Did Tim Armstrong’s ‘Distressed Babies’ Comment Violate HIPAA Privacy Laws?

US citizens have a fundamental Constitutional right to health information privacy—but can’t easily sue. Only federal employees can sue under the Privacy Act of 1974, as vets did when a laptop with millions of health records was stolen. Even with strong state health privacy laws and state constitutional rights to privacy in place, it’s very hard to sue because most courts demand proof of monetary harm. This new digital disaster: exposing and/or selling sensitive personal health data–can’t be stopped without stronger, clearer federal laws. OR if US citizens boycott the corporations that violate their rights to health privacy.

-Deb

This blog written in response to the following article:

Did Tim Armstrong’s ‘Distressed Babies’ Comment Violate HIPAA Privacy Laws?
By Abby Ohlheiser
The Wire, February 10, 2014

Revelations by AOL Boss Raise Fears Over Privacy

By Natasha Singer
NYTimes.com, February 10, 2014

Tim Armstrong, the chief executive of AOL, apologized last weekend for publicly revealing sensitive health care details about two employees to explain why the online media giant had decided to cut benefits. He even reinstated the benefits after a backlash.

Tim Armstrong, the chief executive of AOL, apologized last weekend for publicly revealing sensitive health care details about two employees to explain why the online media giant had decided to cut benefits. He even reinstated the benefits after a backlash.

But patient and work force experts say the gaffe could have a lasting impact on how comfortable — or discomfited — Americans feel about bosses’ data-mining their personal lives.

Mr. Armstrong made a seemingly offhand reference to “two AOL-ers that had distressed babies that were born that we paid a million dollars each to make sure those babies were O.K.” The comments, made in a conference call with employees, brought an immediate outcry, raising questions over corporate access to and handling of employees’ personal medical data.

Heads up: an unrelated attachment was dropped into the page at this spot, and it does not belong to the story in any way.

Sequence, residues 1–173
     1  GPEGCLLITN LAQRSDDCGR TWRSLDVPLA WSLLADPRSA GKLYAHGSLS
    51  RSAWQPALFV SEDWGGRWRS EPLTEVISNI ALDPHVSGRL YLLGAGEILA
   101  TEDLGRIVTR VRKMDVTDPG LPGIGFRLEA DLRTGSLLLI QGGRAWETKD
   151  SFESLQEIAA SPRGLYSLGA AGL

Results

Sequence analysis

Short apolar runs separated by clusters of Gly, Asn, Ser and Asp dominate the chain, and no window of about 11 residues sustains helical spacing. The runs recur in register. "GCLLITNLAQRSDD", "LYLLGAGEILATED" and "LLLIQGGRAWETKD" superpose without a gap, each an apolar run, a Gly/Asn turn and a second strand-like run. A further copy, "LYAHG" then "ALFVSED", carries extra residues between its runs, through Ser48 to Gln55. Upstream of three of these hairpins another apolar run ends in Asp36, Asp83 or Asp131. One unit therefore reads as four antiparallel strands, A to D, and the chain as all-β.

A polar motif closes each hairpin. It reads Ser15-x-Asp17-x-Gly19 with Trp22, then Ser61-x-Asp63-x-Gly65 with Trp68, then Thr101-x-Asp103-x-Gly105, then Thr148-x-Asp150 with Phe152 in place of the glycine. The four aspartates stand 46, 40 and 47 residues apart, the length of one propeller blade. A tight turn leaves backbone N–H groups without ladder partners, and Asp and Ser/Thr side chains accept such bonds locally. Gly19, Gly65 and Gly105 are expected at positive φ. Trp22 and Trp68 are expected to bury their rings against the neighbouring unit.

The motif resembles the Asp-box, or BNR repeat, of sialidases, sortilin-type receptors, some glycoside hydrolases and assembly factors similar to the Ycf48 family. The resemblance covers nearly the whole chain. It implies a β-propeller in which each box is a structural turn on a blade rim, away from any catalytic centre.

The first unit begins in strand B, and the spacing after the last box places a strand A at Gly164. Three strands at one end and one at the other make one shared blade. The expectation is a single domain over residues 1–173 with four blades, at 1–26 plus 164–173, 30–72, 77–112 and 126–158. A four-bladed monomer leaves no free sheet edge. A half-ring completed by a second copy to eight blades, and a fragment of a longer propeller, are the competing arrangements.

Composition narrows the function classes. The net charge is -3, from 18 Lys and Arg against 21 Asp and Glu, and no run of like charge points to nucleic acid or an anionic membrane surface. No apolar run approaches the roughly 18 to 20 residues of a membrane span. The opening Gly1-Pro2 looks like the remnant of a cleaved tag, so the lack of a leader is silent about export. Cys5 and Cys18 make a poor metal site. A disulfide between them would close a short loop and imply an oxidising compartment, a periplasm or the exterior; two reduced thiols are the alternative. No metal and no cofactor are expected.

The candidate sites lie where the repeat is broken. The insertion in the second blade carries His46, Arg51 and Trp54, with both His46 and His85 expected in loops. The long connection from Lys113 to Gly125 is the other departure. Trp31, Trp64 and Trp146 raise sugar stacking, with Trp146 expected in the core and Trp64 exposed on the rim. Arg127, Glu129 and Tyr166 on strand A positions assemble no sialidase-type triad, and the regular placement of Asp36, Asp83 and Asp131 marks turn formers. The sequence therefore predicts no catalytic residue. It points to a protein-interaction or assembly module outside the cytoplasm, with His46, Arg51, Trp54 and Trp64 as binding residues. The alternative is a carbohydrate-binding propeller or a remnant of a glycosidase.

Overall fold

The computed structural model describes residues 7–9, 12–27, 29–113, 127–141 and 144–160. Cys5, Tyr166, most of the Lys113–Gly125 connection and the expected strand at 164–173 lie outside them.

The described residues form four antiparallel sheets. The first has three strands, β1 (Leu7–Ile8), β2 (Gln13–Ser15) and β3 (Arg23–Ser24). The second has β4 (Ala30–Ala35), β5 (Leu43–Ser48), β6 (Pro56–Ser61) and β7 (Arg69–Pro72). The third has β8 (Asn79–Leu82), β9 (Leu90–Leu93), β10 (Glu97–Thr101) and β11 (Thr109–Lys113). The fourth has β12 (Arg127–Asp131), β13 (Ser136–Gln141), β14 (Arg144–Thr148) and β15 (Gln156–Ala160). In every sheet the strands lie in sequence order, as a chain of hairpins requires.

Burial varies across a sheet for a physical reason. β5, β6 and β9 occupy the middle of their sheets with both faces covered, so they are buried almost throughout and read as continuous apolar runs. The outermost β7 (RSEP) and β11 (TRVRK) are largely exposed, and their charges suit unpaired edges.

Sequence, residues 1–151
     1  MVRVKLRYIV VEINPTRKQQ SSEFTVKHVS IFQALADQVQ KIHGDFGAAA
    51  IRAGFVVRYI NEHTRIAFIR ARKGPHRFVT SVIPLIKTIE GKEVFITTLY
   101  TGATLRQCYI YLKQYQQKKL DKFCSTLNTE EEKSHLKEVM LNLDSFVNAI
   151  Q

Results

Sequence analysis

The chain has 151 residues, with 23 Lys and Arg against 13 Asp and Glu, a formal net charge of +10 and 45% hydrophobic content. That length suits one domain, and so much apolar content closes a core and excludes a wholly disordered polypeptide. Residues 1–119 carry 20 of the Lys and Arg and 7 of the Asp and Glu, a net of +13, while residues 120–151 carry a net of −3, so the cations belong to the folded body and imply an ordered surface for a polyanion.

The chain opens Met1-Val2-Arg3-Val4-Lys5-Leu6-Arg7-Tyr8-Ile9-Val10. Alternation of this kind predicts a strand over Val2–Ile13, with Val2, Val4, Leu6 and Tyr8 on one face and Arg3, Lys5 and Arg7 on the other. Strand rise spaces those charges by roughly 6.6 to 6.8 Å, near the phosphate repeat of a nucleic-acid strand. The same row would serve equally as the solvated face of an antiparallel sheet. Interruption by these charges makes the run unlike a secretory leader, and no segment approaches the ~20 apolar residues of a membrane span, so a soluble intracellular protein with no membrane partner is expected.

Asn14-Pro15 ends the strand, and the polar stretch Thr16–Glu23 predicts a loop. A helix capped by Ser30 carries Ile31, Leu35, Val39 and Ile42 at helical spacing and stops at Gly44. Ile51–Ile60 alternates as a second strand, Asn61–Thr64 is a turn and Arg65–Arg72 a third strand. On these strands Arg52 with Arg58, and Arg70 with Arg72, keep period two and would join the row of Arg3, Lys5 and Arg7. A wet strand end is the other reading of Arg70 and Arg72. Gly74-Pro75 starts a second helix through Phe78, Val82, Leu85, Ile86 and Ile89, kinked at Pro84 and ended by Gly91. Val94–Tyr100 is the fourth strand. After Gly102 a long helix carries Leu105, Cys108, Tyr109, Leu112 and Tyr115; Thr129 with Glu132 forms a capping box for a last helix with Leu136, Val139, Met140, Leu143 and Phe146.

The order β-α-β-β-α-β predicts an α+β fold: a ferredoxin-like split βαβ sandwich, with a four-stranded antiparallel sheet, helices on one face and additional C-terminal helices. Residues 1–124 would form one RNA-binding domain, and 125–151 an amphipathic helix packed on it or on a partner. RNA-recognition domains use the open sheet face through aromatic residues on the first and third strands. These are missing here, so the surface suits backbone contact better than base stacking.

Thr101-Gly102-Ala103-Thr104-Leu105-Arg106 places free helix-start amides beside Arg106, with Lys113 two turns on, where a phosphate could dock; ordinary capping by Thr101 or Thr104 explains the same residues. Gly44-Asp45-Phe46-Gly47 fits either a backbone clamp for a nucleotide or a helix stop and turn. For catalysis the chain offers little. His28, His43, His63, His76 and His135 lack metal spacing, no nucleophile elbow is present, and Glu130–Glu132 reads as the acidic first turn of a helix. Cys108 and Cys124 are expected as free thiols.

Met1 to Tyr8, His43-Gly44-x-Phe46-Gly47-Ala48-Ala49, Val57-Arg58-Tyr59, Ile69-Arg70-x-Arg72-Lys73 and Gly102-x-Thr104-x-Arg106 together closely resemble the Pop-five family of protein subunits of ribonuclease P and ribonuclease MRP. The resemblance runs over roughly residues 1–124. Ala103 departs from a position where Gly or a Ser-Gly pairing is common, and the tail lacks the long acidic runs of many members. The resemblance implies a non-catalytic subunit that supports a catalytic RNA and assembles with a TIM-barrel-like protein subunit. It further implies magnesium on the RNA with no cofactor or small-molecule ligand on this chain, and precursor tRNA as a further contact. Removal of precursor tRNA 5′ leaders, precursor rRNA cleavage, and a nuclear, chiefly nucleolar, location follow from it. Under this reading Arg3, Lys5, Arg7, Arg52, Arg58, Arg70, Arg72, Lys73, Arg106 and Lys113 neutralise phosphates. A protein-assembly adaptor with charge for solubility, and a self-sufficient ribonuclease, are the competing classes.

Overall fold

“This example shows how easy it is for employers to find out if employees have a rare medical condition,” said Dr. Deborah C. Peel, founder of Patient Privacy Rights, a nonprofit group in Austin, Tex. She urged regulators to investigate Mr. Armstrong’s disclosure about the babies, saying “he completely outed these two families.”

To view the full article, please visit Revelations by AOL Boss Raise Fears Over Privacy

 

My Baby and AOL’s Bottom Line

By Deanna Fei
Slate Magazine, February 9, 2014

That “distressed baby” who Tim Armstrong blamed for benefit cuts? She’s my daughter.

Late last week, Tim Armstrong, the chief executive officer of AOL, landed himself in a media firestorm when he held a town hall with employees to explain why he was paring their retirement benefits. After initially blaming Obamacare for driving up the company’s health care costs, he pointed the finger at an unlikely target: babies.

Specifically, my baby.

“Two things that happened in 2012,” Armstrong said. “We had two AOL-ers that had distressed babies that were born that we paid a million dollars each to make sure those babies were OK in general. And those are the things that add up into our benefits cost. So when we had the final decision about what benefits to cut because of the increased healthcare costs, we made the decision, and I made the decision, to basically change the 401(k) plan.”

Within hours, that quote was all over the Internet. On Friday, Armstrong’s logic was the subject of lengthy discussions on CNN, MSNBC, and other outlets. Mothers’ advocates scolded him for gross insensitivity. Lawyers debated whether he had violated his employees’ privacy. Health care experts noted that his accounting of these “million-dollar babies” seemed, at best, fuzzy.

Plenty of smart, witty people took to Twitter to express their outrage—or mock outrage. The phrase “distressed babies” became practically an inside joke, as in, “How many distressed babies does AOL pay this guy?” A few AOL employees made cracks like this: “I swear I didn’t have any babies in 2012. Don’t hate me for messing up your 401(k).”

To view the full article, please visit My Baby and AOL’s Bottom Line